With due deference to the attorney-general and the cases cited, we submit that unless the attorney-general can show the court that the courts whose decisions are cited by him were passing upon the validity of this machine under a statute similar to ours, then such cases can be no authority in this suit.

Assuming, for the sake of argument, that this machine has been held by all the courts cited in the brief of the attorney-general to have been a gambling device, their decisions amount to nothing, if the machine comes within the provisions of chapter 339 of the Laws of 1924.

The attorney-general can receive little comfort from those cases, unless he can go further and show that this machine does not come under the provisions of the language of this act.

It is too well settled to need the citation of authority that gambling as such was not a crime at common law. The status of gambling has been statutory entirely, and that which is gambling in one state may not be gambling at all in another. The playing of poker is prohibited under the laws of Mississippi, under the general gambling statute, yet playing poker is, as we are advised, legalized in Louisiana. In Kentucky, for instance, one of the states in which the supreme court has held a machine similar to this to be a gambling device, and one of the cases, by the way, cited by the attorney-general, horse racing is made lawful, and hundreds of thousands of dollars are won and lost by the people of Kentucky in the betting on horse races through the pari-mutuel machine, is operated under the sanction of the state of Kentucky, and from which the state realizes a very handsome income.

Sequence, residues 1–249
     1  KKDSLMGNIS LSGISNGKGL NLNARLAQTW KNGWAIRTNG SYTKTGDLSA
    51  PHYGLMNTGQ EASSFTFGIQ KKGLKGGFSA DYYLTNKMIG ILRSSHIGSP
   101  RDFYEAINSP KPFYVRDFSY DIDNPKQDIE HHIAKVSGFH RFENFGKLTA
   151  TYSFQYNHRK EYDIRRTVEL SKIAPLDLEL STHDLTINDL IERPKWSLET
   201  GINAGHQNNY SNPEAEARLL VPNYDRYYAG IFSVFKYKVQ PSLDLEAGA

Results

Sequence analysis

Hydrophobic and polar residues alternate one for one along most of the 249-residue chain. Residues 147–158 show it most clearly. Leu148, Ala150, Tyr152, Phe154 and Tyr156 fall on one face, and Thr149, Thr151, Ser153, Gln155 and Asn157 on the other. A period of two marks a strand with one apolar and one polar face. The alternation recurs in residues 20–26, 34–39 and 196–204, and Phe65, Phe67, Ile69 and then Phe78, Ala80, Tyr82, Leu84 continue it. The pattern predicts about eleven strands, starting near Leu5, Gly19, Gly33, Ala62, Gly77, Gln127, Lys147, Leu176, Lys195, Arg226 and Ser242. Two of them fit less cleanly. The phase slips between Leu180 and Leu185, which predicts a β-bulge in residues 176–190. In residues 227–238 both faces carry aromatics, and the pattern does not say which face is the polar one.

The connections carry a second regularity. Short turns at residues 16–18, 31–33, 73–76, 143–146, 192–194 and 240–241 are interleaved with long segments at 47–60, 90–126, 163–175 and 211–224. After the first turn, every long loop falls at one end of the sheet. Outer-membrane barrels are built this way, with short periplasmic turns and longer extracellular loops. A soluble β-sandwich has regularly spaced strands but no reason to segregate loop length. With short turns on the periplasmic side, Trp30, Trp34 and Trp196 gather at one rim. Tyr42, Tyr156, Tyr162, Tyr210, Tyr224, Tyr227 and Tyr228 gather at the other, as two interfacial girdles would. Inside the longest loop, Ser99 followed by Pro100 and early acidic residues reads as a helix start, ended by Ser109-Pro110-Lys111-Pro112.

Until the legislature passes upon a proposition in which there is involved an element of chance, either by a general statute prohibiting all gambling, or by a specific statute prohibiting the thing specifically, then any game no matter what the element of chance, can be operated unless prohibited by the constitution. The question now we desire to consider and present to the court is, does chapter 339 of the Laws of 1924, cover this machine? In order to answer this question, it is necessary to consider the language of the act and the machine itself. It seems to us then that the machine as such clearly comes within this proviso of the statute.